And the best part of this revelation is that it is indeed Amy, not the Doctor, who ends up saving the day. She sees the similarities between Time Lord and beast — both the last of their kind, both committed to helping others out of an alien compassion — while the Doctor is caught up in helpless fury as he works to destroy the whale on humanity’s behalf. Smith conveys contemptuous arrogance remarkably well, as he lambastes Amy for trying to spare him making the difficult choice, culminating in his frustrated holler of rage, “Nobody talk to me! Nobody human has anything to say to me today!” This puts us immediately in mind of the brusk and ineffectual Ninth Doctor, who so often (70% of the time) was more a problem than a solution. This flawed aspect of the Time Lord is something we haven’t seen in a while; the Tenth Doctor was more a self-mythologizing superhero (we got an exceptional dose of his fallibility in Midnight). If the opening sequence is the best part of the story, the epilogue is a close second: the Doctor tells Amy, “You could have killed everyone on this ship,” and she replies, on near equal footing, “And you could have killed a starwhale.” Welcome Amy Pond.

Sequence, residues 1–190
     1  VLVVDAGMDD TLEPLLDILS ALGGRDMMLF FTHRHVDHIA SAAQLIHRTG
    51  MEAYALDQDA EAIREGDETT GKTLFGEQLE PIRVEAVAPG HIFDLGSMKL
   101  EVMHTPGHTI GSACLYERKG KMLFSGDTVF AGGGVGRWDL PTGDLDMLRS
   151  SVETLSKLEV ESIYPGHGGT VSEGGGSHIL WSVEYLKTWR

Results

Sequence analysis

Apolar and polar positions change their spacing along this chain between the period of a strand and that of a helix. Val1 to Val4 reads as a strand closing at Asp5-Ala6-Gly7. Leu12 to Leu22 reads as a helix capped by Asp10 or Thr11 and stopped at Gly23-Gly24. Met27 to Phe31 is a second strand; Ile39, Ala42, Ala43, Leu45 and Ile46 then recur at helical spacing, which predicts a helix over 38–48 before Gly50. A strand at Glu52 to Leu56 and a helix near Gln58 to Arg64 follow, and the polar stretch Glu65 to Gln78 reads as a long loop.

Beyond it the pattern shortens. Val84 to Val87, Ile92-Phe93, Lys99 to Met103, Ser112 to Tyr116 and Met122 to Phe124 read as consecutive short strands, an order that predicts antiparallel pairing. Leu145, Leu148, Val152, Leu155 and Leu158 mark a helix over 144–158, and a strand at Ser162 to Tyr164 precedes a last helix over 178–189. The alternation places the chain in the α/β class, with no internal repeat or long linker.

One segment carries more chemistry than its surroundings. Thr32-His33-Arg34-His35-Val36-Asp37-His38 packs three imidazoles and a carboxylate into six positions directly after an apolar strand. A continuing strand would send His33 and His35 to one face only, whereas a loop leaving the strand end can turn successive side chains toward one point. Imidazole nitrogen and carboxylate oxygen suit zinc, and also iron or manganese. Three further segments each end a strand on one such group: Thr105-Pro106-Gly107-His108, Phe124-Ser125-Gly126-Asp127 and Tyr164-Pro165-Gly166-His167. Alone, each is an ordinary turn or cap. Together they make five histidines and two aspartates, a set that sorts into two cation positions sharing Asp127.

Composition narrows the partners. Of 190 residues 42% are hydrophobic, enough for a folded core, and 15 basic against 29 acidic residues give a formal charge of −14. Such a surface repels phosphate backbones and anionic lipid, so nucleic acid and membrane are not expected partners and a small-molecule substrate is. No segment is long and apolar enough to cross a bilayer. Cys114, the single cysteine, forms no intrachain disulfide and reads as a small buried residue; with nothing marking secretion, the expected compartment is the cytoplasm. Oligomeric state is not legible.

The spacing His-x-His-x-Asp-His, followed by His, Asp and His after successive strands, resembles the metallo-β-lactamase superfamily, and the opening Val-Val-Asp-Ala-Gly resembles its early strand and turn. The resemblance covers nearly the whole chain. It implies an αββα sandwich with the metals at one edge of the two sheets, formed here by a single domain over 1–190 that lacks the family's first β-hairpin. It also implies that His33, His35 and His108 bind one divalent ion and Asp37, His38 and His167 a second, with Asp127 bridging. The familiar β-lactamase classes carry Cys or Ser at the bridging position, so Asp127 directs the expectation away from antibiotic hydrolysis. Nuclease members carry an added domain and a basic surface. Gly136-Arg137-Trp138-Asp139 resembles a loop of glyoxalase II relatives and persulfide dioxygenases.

It should be noted how much this story mirrors Full Circle, which was unique in the Tom Baker years for having no villains (as in this story, people are their own worst enemy), and the same plot ingredients: cyclic patterns of a society going nowhere, unethical treatment of other species, and collectively willful ignorance. Both involve plot twists and surprising revelations, and while The Beast Below lacks the layered complexity of the E-Space classic, and refuses to show us the beast killing anyone (unlike Full Circle’s marshmen), it is daringly impressive nonetheless.
In sum, The Beast Below marks a successful movement into a season which is taking us down the rabbit hole. Provided we start seeing some actual body counts, and soon, I have confidence in where we’re going.
Rating: 3 stars out of 5.